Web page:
Whee!!! I got home yesterday, and what should be waiting for me but nice big envelope from those lovely folks at Palm Pictures, containing not one, not two, not three, but four DVDs. Several of them have already been reviewed elsewhere on Opus, so I’ll just post a few thoughts on each. However, before I begin, I just want to give some major props to Palm.
I’ve always been of the opinion that Miramax should be banned, by international law, from acquiring the rights to any more Asian films. If such a blessed event ever occurs, than Palm gets my vote as their replacement. So far, they’ve done a pretty bang-up job with all of the films they’ve released, giving them the respect and integrity that they deserve.
That’s right… no editing hack jobs to dumb them down for American viewers, no stupid artwork (I would love to get a poster of the sleeve artwork for Last Life in the Universe), no horrible dubbing jobs, no endless shifting of release dates, and best of all, no damn hip-hop soundtracks. Basically, just think of everything that Miramax does to their Asian releases, and then picture the exact opposite behavior. Palm, you done good.
Whew, not that I’ve got that off my chest, on to the DVDs. As of right now, the only one I’ve sat down and watched all the way through is Last Life in the Universe (which was just as good as I remembered — more on that in just a bit), but I’ve skimmed through the other 3 just to see what’s on them. Here goes…
Last Life in the Universe
Tadanobu Asano plays Kenji, a Japanese man living abroad in Thailand. His life is carefully ordered and precise, but also incredibly empty. Kenji just drifts through life with no attachments and relationships. In fact, he’s so alienated that he constantly fantasizes about suicide. His carefully ordered life, however, is upset by two events.
First, his brother, a boorish yakuza thug, shows up unannounced with news that he’s on the run. And second, he witnesses a tragic accident involving a young girl. Soon, Kenji is on the run himself, holing up with the girl’s older sister, Noi. Noi is the polar opposite of Kenji, a slob who prefers to sit around all day in her rundown house smoking pot.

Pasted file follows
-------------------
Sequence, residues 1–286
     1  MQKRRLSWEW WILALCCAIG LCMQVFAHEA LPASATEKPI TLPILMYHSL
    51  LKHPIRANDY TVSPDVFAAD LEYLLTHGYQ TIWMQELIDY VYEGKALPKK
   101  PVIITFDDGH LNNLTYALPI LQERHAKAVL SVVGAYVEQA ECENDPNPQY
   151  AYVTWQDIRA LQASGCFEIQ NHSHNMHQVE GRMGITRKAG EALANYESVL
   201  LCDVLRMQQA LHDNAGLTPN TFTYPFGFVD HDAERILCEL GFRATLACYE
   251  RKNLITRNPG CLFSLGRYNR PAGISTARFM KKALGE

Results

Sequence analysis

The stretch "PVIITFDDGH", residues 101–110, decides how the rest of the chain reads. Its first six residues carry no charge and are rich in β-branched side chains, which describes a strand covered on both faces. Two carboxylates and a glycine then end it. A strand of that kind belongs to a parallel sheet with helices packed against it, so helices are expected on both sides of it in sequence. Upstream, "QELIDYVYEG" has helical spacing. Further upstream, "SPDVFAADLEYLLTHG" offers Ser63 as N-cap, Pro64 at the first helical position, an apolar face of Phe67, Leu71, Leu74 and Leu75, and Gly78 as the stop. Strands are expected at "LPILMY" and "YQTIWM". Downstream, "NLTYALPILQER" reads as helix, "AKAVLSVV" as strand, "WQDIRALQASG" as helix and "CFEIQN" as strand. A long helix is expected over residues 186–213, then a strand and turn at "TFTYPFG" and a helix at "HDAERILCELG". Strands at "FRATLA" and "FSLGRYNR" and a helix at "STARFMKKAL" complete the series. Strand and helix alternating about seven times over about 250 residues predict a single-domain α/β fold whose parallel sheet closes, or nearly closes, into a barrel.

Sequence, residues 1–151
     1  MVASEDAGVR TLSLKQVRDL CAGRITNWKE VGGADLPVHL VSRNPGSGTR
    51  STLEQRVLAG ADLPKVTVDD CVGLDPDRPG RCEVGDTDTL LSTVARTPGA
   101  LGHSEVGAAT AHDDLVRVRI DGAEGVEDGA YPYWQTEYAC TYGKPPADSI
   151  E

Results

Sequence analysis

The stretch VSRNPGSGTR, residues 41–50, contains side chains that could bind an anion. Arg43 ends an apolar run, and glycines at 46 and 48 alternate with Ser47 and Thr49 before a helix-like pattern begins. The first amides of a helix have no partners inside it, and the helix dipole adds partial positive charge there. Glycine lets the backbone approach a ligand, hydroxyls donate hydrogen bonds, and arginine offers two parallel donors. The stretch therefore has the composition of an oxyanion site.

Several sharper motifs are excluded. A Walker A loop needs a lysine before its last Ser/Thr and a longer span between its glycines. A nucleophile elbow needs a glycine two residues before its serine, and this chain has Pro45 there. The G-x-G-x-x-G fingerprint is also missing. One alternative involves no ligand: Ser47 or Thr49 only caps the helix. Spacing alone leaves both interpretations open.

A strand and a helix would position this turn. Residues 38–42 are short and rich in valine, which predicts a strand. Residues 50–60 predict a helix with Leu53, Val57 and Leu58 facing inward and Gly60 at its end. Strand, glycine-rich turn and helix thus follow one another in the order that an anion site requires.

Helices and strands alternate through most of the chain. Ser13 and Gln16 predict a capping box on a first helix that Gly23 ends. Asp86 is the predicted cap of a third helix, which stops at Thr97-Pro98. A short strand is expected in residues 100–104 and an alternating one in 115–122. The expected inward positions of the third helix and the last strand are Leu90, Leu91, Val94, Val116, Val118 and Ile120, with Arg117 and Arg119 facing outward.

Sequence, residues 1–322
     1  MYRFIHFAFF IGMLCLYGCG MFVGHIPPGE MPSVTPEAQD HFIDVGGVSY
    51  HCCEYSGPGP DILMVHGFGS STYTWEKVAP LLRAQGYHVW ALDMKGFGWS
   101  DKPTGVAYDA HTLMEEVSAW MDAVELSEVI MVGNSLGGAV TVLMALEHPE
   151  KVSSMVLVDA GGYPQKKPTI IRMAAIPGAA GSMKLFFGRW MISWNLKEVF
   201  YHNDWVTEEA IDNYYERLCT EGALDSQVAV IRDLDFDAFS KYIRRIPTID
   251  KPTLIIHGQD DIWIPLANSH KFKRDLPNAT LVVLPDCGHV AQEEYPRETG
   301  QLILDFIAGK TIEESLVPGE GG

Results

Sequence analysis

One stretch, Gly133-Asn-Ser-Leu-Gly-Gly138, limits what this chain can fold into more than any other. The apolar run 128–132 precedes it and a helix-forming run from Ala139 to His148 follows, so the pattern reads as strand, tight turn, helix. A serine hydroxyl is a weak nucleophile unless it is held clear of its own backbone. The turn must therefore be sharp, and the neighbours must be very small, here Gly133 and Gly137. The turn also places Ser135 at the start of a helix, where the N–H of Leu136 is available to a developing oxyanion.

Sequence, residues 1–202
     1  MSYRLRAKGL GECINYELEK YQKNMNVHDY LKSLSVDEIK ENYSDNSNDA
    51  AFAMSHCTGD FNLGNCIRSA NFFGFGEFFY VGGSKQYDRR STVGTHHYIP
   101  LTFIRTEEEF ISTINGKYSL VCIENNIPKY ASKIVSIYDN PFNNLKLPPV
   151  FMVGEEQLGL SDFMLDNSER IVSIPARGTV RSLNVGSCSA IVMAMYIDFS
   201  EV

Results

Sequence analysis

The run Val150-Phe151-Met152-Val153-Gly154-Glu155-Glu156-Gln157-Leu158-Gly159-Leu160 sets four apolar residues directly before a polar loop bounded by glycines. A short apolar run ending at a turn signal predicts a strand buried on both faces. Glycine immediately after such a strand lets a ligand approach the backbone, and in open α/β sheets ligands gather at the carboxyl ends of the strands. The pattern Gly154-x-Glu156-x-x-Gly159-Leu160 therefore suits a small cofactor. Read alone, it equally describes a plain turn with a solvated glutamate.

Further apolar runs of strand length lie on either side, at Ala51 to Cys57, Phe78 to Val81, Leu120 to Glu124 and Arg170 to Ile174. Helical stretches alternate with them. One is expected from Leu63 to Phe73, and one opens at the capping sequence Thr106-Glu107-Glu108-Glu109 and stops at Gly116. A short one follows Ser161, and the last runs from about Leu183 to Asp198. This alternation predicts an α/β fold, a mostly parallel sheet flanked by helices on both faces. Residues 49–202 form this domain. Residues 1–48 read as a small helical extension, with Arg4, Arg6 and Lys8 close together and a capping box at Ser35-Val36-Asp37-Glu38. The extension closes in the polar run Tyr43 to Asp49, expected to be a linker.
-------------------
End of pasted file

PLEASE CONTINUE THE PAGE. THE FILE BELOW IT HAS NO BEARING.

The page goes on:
After hearing Todd rave on and on about this, I finally got a chance to see it when I was up in Toronto for last year’s TIFF, and it certainly did not disappoint. The thing I remember most about the film is how graceful it is, how it deftly envelopes you in its atmosphere with nary a misstep. Nearly everything about this film is perfect, from the measured and minimal tone to the understated acting, from the gorgeous cinematography (Christopher Doyle once again shows why he is a genius) to the lovely soundtrack whose electronic pulses and sparse piano melodies perfectly accentuate the film’s themes of alienation and loneliness.
Palm really nails this release. The movie looks fantastic — seriously, words like “dreamlike” and “haunting” only scratch the surface — and it sounds great. It’s a very quiet film, which is just fine. The music just lingers there on the edge of the film, and the dialog is sparse and hushed, forcing you to pay attention to the film’s subtleties.
As far as extras go, you’ve got a short but intriguing interview with writer/director Pen-Ek Ratanaruang, a Christopher Doyle photo gallery, and a collection of trailers. Not a packed disc by any means, but well worth picking up just to have the movie in your collection.
Most people know Takeshi “Beat” Kitano from his ultra-violent yakuza films such as Sonatine or Hana-Bi, or from his recent take on the long-running Zatoichi franchise. As such, Dolls is probably going to be the one film that really divides his fans. From what I’ve seen so far, most people either love this film for its gorgeous scenery and fable-like telling of 3 interconnection love stories, or hate it for being so pretentious and artsy-fartsy.
I personally lean more towards the former. Once you can get past the fact that this film is not “realistic”, but rather more of a fairy tale than anything else, it’s quite easy to get pulled in by the movie’s lush visuals, quirky storytelling, and solemn pacing.